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Cortina, a story of sports and Olympics

The 1956 Olympic Games revealed the pearl of the Dolomites to the rest of the world, and the resort continues to be famous to this day

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Cortina, a story of sports and Olympics

The story of Cortina is packed with sporting events and achievements. Just think that ice hockey - the most spectacular team winter sport – became a discipline in Italy thanks to the duopoly of Milan and Cortina: the team was established in 1924 under the name Gruppo Sportivo Dolomiti Cortina, which was subsequently amended to Club Sportivo Dolomiti and Hockey Club Cortina from 1929 onwards.

The ‘squirrels’ – the team’s nickname – have won a whopping sixteen championships in their sport and they fear no rivals owing to the number of presences in the top category. Their triumphs – they were practically unbeatable from the early 60s until the middle of the Seventies – were staged in places such as the Stadio Olimpico, the Olympic stadium built for the 1956 Winter Olympics.

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The first live TV broadcasts

The Olympics marked a watershed in the history of Cortina: it could be said that the delightful Cortina d’Ampezzo setting can boast a pre-Olympic Games (tied to being an all-Italian tourist attraction) and a post-Olympic Games when, thanks to the first live TV broadcasts of the Olympic games in the history of the Italian broadcasting corporation RAI, the world discovered the charm of the resort and its state-of-the-art facilities to host a variety of disciplines.

Restyled or well-maintained, they continue to this day to guarantee that Cortina can host top-level competitions: in addition to the 2021 World Cup, the Alpine World Ski Championships, Nordic Skiing circuit events, the Snowboard World Cup and the Curling World Championship. It is easy to think that the 2026 Olympics – organised jointly with Milan - will be a new opportunity 70 years after the first Olympic Games.

Monti and Minuzzo

The first edition of the Games, hosted in Italy, was a far cry from the Olympic giantism which then invaded the event. Just think that it took place over nine days, during which 820 athletes from 32 different countries battled it out in eight disciplines: Alpine Skiing, Cross-Country Skiing, Ice Hockey, Nordic Combined, Figure Skating, Bobsleigh, Speed Skating, and Ski Jumping for a total of 24 gold medals.

Italy successfully claimed a gold only with the Conti-Dalla Costa Bobsleigh pair and two silver medals for Eugenio Monti, the ‘flying red’ who led the Italian bobsleigh in both the two-man and the four-man events. It is no coincidence that the slope in Cortina is named after the undisputed champion from Dobbiaco – the finest Italian bobsleigher of all time. Another Italian national, despite not clinching any medals, also made history: the Val d’Aosta-born Giuliana Chenal Minuzzo, after being the first Italian to win a medal in the Winter Olympics (in Oslo, in 1952), was the first woman in the history of the Olympics - including the summer games - to take the athletes’ oath.

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The unbeatable Toni Sailer

The true king of Cortina 1956 was the Austrian Toni Sailer, who won all three men’s Alpine Ski competitions: downhill, giant slalom and special slalom. The Nordic competitors won six out of eight gold medals, in the Cross-Country, Nordic Combined and Ski Jumping disciplines, whereas the specialists from the Soviet Union ruled supreme in the Speed Skating on the rink in Misurina. The athletes bearing the USSR logo also won the eagerly-awaited Ice Hockey tournament, overtaking the Americans and Canadians, and inaugurating the rivalry that still continues today.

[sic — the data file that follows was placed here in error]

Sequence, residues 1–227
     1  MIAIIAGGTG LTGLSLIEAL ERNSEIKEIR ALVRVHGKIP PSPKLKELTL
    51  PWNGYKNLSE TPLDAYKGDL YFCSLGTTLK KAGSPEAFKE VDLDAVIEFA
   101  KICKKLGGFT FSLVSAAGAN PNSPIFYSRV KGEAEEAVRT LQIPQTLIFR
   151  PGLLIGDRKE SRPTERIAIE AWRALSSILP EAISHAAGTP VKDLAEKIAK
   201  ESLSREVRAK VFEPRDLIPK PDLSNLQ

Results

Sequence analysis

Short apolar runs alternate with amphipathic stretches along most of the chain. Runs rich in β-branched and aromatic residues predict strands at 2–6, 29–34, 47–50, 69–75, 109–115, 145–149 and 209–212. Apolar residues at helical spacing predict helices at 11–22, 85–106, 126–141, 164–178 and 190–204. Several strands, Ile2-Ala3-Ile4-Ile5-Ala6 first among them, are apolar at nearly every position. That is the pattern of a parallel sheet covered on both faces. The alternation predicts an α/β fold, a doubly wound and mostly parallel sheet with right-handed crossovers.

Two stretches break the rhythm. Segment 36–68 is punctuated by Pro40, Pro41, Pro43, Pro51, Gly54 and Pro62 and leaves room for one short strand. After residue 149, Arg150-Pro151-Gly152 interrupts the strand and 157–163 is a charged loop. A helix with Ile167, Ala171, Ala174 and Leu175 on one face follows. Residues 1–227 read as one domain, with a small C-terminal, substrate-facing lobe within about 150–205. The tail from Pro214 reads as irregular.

The Olympic Stadium is still there, at no. 1 Via Bonacossa street, and it has become even more famous all over the world, since it has been used as a set for a large number of films too. The most famous one is chapter 12 of the 007 saga, i.e. For your eyes only. James Bond – played by Roger Moore – parks his flaming red Lotus Exige Sport 350, comes onto the rink and is attacked by the ‘villains’ dressed as hockey players, but obviously he manages to defeat them.

An emblem of the 1956 Olympics, the first live TV broadcasts and the first to witness a woman, Giuliana Minuzzo, take the Olympic oath, the Olympic Ice Stadium in Cortina was a multi-functional facility from the onset: just two years after the Olympics, in fact, it was used for the Harlem Globetrotters, for whom the base was covered over with wooden structures.  It was subsequently the venue for concerts (Glenn Miller Jazz Orchestra and famous Italian singers Zucchero, Venditti, Renzo Arbore and the Italian Orchestra) and, for instance, for the 2010 Curling World Championships.

The ice rink is also used for competitive activities such as figure skating, curling and ice hockey, with the related Championships, as we wait for it to host the Winter Olympics once again in 2026.

All this would be enough to turn these sports facilities into a symbol, but Cortina’s Olympic Stadium has also played host to famous film scenes in both national and international productions.

Here, in 1967, Vittorio Gassman filmed some of the scenes of the film The Tiger and The Pussycat, directed by one of the most famous Italian comedy directors, Dino Risi.

About fifteen years later, it became the set for chapter twelve of the 007 films: For your eyes only. The Stadium was filmed both during the day, when agent Ferrari introduces Bond to the Greek Kristatos at the Stadium’s open-air bar, and also at night, when 007 leaves Ferrari in his flaming red Lotus Exige Sport 350 parked outside the entrance to the stadium before coming onto the rink and being attacked by evil hockey players, while obviously succeeding in defeating them all.

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